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Atomization and Sprays
Fator do impacto: 1.262 FI de cinco anos: 1.518 SJR: 0.814 SNIP: 1.18 CiteScore™: 1.6

ISSN Imprimir: 1044-5110
ISSN On-line: 1936-2684

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Atomization and Sprays

DOI: 10.1615/AtomizSpr.2013007484
pages 981-1000

AN INVESTIGATION ON THE BREAKUP OF UNDERWATER BUOYANT OIL JETS: COMPUTATIONAL SIMULATIONS AND EXPERIMENTS

Leandre R. Berard
Department of Mechanical Engineering, University of Massachusetts-Dartmouth
Mehdi Raessi
Department of Mechanical Engineering, University of Massachusetts-Dartmouth
Michael T. Bauer
Department of Mechanical Engineering, University of Massachusetts-Dartmouth
Peter Friedman
University of Massachusetts Dartmouth
Stephen R. Codyer
Department of Mechanical Engineering, University of Massachusetts-Dartmouth

RESUMO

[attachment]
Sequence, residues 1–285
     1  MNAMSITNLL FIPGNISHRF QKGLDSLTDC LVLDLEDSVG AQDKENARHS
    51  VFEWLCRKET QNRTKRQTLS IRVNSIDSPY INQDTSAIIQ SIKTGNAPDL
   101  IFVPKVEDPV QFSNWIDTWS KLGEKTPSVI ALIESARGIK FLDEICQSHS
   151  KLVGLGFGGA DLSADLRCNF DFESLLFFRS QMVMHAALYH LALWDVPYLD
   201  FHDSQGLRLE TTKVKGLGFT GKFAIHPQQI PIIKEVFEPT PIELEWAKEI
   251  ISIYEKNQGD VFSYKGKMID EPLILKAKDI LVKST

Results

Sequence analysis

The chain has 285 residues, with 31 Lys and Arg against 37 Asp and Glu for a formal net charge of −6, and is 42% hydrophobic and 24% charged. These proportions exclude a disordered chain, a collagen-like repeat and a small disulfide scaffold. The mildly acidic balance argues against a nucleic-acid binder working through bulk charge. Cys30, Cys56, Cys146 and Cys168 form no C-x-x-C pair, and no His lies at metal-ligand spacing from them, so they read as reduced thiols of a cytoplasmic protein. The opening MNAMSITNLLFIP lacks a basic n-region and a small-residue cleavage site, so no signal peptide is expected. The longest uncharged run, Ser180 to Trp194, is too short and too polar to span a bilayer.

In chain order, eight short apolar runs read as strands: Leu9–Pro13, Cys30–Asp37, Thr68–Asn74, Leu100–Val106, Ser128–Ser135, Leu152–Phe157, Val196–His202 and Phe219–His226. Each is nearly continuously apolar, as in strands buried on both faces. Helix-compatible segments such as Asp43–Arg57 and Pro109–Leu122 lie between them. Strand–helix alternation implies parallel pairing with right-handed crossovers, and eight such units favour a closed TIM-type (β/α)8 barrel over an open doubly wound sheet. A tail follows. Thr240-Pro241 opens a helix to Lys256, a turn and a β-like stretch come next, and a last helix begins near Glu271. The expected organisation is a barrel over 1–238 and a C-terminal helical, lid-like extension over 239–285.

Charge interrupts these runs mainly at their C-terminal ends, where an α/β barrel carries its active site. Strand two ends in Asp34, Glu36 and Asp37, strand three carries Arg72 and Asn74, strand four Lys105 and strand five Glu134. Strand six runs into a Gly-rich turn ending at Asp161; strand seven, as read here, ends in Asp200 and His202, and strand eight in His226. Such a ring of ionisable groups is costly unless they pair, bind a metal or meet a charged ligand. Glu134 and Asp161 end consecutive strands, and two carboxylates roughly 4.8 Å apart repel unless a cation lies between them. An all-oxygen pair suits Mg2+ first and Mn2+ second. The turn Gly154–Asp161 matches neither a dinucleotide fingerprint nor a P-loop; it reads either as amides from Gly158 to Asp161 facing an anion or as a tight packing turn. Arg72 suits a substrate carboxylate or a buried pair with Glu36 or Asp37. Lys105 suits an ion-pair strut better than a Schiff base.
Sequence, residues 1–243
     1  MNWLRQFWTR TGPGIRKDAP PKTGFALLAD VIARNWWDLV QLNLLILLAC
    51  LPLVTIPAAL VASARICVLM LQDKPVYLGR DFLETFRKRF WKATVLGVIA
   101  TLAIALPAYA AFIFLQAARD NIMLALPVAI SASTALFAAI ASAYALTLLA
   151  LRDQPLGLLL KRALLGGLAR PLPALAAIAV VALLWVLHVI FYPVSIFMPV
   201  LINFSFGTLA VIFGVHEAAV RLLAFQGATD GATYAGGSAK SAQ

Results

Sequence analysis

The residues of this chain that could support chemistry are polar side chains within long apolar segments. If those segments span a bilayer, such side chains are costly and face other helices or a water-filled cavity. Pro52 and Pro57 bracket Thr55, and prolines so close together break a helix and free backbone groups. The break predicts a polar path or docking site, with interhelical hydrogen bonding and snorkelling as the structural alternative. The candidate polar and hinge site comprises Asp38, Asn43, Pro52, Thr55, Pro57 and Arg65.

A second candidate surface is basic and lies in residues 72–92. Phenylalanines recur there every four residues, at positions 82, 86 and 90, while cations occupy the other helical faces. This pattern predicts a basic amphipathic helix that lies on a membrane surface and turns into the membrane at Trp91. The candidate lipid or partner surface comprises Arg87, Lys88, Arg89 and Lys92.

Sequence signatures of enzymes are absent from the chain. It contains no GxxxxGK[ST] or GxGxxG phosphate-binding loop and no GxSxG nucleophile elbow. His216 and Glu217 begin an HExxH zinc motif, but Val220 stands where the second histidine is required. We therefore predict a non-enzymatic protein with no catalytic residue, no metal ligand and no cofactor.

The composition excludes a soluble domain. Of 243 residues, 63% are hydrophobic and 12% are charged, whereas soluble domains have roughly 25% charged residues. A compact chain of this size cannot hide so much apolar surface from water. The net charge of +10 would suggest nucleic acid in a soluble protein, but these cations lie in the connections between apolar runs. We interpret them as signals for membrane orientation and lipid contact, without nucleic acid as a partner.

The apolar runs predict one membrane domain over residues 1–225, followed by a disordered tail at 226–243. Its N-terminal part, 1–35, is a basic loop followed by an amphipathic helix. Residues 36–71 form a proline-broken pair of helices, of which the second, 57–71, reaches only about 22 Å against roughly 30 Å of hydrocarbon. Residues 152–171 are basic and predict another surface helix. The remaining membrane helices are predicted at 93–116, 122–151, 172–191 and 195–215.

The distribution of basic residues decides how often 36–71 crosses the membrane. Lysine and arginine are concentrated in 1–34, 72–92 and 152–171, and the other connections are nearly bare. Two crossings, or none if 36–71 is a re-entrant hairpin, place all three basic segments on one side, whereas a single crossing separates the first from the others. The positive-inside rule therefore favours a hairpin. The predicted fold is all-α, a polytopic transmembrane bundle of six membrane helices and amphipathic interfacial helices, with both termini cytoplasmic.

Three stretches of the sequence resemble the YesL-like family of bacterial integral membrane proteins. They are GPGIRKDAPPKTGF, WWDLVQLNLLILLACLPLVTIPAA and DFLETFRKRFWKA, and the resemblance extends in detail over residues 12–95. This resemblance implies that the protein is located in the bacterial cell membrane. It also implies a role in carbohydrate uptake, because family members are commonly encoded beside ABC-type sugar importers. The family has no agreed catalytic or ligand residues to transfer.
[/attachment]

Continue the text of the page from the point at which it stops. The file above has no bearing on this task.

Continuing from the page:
We present experimental and computational results on the breakup of underwater buoyant oil jets and plumes at a wide range of Reynolds, Weber, and Richardson numbers and viscosity ratios. The results show three main jet breakup regimes: atomization, skirt-type, and pinch-off. The threshold Weber number for the atomization regime is around 100, which varies slightly with the jet Eotvos number. Furthermore, it is demonstrated that the correlation proposed by Masutani and Adams as the boundary for the atomization regime applies to our broader data set too. The experimental and computational results both suggest that in a buoyancy-driven jet breakup occurs only when the jet is accelerated to a point where the local Richardson number, defined based on properties at breakup, becomes less than 0.4, in which case the local Weber number is above 10. The computational results reveal the mechanisms leading to formation of small droplets around the perimeter of energetic jets and umbrella-shaped jet separations at less energetic cases. The time-averaged lateral expansion of the simulated jets, representing four different conditions, is presented as a function of the height along the jet. The computational results were obtained by using a GPU-accelerated MPI parallel two-phase flow solver, which provides acceleration factors between 3 to 6, compared to running on CPUs only.


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